If you’re a yogi, a pretty nice human being and you’re here I’m going to make a big call and suggest you care about the environment, our land and about our people.
This is why we’re friends.
And although the International Film Festival’s been and gone in Auckland, there was a documentary I saw that’s stuck in my head in the best possible way and is now showing at cinemas nationwide that I think you should see. It’s both a film about a building project and the people it was being built for, and a story of beauty, love and connection.
Ever The Land deserves attention and audiences galore.
German-born filmmaker Sarah Grohnert set out to explore the first Living Building Challenge (LBC) in the Southern Hemisphere. The three-year project Te Uru Taumatua was commissioned by Ngai Tuhoe and led by the late architect Ivan Mercep. It needed a commitment from all involved to meet the stringent requirements of the build as the criteria for a Living Build has no room for negotiation. Every subcategory, of which there are many, must meet the stringent requirements. (A summary of the challenge and how it was incorporated into the Tuhoe build is here.)
I’d met Sarah and Tricia Love, Director of Tricia Love Consultants, before I saw the film and their passion and care for the building, the documentary in its entirety and the Tuhoe people shone through.
It is a big, bold project to build sustainably with as little effect on the environment as possible. As Tricia explained, the idea is to change the ethos from doing enough only to do the least amount of damage to the environment and instead get to the point of regenerative design and building. She said that first and foremost philosophy is the driving force behind the LBC. (With the main categories presented as flower petals and ‘beauty and spirit’ listed as imperatives this could mean a whole new lingo for building sites.)
For Tuhoe, Te Uru Taumatua is a symbol of their relationship with the land. More than just an admin building, it marks a new beginning, an opportunity to move forward, and was developed with the next generations in mind.
Built with local materials such as handmade mud bricks and floorboards cut from 400 year-old native timber, the project opened up jobs for the community with the resulting building knowledge secured as a blueprint for future reference.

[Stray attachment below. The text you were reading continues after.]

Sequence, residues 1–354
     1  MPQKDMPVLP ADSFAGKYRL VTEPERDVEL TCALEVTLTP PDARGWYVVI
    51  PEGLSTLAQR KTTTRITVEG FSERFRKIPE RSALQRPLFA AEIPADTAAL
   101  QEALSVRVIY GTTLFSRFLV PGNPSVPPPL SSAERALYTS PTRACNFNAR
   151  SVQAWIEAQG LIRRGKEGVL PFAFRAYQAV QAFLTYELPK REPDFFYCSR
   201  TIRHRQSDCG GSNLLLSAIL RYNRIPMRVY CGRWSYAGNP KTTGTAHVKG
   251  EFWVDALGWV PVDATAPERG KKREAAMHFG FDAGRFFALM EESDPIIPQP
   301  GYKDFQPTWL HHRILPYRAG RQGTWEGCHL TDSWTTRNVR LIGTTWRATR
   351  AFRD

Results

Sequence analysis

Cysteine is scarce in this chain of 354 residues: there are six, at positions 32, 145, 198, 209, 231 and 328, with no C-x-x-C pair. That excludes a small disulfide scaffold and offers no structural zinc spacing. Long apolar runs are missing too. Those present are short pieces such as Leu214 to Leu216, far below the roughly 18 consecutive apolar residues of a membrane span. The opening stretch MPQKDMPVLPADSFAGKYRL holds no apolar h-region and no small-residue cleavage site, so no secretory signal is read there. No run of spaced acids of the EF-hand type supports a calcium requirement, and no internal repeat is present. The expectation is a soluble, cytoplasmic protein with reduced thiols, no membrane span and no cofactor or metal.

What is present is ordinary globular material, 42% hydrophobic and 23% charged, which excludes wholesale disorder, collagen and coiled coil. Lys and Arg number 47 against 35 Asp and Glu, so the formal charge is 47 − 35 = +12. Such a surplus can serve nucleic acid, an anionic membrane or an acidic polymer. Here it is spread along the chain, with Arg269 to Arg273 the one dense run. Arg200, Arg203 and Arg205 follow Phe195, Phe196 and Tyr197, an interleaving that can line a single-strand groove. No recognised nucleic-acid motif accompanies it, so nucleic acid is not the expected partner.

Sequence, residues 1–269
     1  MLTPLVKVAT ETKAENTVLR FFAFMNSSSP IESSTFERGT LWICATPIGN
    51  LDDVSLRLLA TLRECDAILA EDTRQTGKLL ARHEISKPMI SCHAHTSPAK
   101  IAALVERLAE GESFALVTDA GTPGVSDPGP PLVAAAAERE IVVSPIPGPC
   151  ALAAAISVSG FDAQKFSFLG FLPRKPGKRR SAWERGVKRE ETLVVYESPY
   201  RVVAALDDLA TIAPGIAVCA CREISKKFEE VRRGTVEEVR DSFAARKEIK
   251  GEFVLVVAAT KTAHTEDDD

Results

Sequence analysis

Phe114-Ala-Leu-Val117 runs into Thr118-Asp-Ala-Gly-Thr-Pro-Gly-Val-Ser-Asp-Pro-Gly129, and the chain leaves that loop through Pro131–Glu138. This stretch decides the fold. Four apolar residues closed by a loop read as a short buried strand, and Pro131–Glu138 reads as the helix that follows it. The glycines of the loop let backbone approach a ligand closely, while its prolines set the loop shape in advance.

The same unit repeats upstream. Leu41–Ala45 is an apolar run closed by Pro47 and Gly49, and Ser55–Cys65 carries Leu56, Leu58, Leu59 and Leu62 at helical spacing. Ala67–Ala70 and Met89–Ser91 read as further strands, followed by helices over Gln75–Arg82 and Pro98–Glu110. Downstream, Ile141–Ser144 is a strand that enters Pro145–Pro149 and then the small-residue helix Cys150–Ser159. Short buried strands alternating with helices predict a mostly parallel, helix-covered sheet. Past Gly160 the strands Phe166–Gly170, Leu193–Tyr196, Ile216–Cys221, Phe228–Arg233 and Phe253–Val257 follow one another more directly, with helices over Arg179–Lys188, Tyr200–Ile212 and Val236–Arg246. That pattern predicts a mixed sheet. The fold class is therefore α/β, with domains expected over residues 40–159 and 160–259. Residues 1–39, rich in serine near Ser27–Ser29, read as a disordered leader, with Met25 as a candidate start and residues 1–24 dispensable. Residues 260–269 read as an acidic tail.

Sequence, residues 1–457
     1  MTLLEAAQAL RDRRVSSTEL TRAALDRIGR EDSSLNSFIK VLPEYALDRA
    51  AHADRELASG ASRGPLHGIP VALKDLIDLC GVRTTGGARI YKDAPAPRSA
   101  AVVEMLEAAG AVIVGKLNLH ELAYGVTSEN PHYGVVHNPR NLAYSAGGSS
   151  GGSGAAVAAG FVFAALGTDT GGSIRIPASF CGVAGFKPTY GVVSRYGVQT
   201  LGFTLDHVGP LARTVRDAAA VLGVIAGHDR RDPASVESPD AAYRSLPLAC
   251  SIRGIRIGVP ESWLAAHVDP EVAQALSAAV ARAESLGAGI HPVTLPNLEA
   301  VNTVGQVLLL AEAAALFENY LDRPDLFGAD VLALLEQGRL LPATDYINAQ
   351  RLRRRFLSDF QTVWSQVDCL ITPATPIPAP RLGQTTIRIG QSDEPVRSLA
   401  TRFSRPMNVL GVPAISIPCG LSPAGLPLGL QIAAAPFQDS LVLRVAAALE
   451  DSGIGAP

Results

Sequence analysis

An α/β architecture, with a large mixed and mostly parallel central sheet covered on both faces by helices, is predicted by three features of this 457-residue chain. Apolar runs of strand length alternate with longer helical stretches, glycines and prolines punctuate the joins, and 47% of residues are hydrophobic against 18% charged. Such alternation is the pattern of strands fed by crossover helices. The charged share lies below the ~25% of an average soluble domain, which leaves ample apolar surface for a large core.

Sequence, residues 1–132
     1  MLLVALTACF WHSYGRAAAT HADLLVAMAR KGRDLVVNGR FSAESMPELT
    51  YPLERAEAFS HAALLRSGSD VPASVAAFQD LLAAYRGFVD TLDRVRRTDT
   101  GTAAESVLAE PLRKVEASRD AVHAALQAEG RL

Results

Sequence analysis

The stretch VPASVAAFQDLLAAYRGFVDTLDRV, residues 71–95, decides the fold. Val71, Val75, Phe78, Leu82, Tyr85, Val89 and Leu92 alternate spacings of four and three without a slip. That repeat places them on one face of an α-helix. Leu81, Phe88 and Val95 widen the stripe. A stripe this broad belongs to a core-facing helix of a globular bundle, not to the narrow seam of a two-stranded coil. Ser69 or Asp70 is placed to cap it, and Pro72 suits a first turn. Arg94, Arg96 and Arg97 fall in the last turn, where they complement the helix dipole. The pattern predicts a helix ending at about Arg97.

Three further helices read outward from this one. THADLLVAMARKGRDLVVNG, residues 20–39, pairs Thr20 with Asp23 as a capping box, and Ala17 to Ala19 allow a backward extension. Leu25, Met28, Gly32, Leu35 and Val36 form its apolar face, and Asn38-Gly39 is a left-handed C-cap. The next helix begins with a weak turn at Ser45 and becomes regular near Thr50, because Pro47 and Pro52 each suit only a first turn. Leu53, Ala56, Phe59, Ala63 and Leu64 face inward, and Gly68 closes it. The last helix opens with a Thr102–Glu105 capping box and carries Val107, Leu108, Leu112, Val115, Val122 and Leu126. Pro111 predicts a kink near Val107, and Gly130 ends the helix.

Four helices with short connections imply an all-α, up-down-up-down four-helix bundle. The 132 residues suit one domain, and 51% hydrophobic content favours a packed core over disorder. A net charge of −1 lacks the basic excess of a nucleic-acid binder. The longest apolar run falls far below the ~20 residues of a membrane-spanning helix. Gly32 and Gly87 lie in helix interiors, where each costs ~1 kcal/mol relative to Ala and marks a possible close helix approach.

“Ultimately, “ said Tricia, “Tuhoe connected with the building philosophy because they are responsible guardians of the land. They understood the bigger picture. Now a seed has been planted and this, we believe, will become the new norm.”
“As the building began to unfurl everyone felt changed. When you’ve watched and worked on centuries old trees fished out of the river to be cut into stunning Matai floors, it’s hard to walk on them and not feel different. “ – Tricia Love
The film draws on beautiful images to capture the underlying essence of the film, the profound connection that ties Tuhoe to the land and the land to Tuhoe.
Sarah’s approach is honest and immersive. She uses simplicity – no music, no narration – to portray much, much more than the accolade-worthy build. For three years she captured intimate details of Tuhoe, including the historic moment when in 2014 Te Urewera, Tuhoe’s ancestral homelands were returned along with an official apology from the New Zealand Government.
“What started out as a documentary about architecture, quickly turned into a experience of real life that is deeply human, spontaneous and involving. The intention with the film is to provide an open invitation to discover and rediscover our own sense of connection with ourselves, each other and the land that sustains us,” says Sarah.
“I often went bush as I got to know and get close to the people in the community… and the story got bigger and bigger and it became so much more than a building. One day something just clicked and I thought here is the film.” – Sarah Grohnert
It is a tribute to the Tuhoe people and left a strong impression as evidenced following the film. People, including Tuhoe who’d made the trek to the premiere, carefully and respectfully thanked Sarah for her testament to the environment, her openness in wanting to know the community without prejudice or previous knowledge, of showing acceptance and empathy that we often find missing in our own portrayals.
Sometimes, it seems, it takes fresh eyes to help us see ourselves from the inside out.
If you get a chance to see this beautiful film, then please do. It shines.
Many thanks to the fabulous ecostore for the invitation to their #GoodStuff event where I was able to meet Sarah and Tricia. As always, they bring together the best sorts of people.[line]
© The Yoga Connection 2015